In this site you’ll find some historical background to the novel along with bits of illustrative material that I hope will increase your enjoyment of it.
Chocolate House Treason is the first in a projected series of mysteries set in the London of 1708 during the uneasy months following the Act of Union (1707) which created the new nation of ‘Great Britain’. Parallels between the fledgling nation and the Great Britain of 2019 are of course entirely fortuitous.
The early months of 1708, with their political squabbling, marked the beginning of the party system we have inherited today, and I’ve tried to be as faithful as possible to the manoeuvrings, tensions and intricacies of the political world during January-February of that year. I place Widow Trotter and her friends at the heart of crucial national events. In this novel I imagine what it would be like for ordinary decent men and women to become caught up in the world of power politics. In other words, I’ve tried to embed my own plot within the actual events of the novel’s thirteen days as they unfolded – history embracing fiction, and fiction being true to history.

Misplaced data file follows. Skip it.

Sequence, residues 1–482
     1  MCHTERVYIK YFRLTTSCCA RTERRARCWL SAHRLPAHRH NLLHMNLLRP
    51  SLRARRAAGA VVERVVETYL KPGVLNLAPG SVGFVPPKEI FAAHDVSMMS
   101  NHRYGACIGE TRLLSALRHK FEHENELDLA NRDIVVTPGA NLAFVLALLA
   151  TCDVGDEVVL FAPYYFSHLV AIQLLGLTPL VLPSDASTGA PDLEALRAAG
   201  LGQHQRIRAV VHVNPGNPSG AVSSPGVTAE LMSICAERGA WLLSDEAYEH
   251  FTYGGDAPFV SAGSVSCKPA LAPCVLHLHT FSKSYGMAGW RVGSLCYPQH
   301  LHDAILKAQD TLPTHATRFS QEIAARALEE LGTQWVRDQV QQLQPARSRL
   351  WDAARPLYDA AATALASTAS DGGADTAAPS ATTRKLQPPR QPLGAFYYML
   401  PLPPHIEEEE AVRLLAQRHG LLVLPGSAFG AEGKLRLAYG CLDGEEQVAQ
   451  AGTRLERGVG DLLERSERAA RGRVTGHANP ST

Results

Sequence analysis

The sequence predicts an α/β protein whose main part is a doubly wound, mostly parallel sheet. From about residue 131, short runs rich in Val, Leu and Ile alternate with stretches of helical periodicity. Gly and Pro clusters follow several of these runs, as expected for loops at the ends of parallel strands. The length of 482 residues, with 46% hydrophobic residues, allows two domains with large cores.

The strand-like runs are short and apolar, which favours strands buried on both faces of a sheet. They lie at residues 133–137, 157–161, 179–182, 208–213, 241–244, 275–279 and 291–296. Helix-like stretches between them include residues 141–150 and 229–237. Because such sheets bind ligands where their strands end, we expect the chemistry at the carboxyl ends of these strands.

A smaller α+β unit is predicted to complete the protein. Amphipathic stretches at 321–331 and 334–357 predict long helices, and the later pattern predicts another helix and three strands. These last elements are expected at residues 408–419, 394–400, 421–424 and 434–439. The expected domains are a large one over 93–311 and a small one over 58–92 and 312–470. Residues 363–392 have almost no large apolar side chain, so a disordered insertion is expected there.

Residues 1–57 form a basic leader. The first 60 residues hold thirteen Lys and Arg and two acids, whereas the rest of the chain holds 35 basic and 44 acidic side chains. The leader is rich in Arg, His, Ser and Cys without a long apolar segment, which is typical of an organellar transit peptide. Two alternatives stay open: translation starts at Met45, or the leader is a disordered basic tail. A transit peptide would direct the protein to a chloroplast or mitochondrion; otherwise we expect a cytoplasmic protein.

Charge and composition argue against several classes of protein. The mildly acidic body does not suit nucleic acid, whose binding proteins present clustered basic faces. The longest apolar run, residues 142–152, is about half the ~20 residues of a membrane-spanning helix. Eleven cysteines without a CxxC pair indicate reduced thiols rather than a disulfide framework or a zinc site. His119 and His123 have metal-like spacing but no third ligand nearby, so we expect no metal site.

This is the Great Britain of Queen Anne– but it is also the Bay Tree Chocolate House of Mary Trotter. Two kingdoms, big and small. The doyenne of the Bay-Tree is discovering that her recent status of widow brings with it both power and wider responsibilities (at this time a married woman had no property of her own). Widow Trotter’s newly-refurbished chocolate house is the novel’s home ground, and I hope an interesting vantage point from which to view the London of Queen Anne.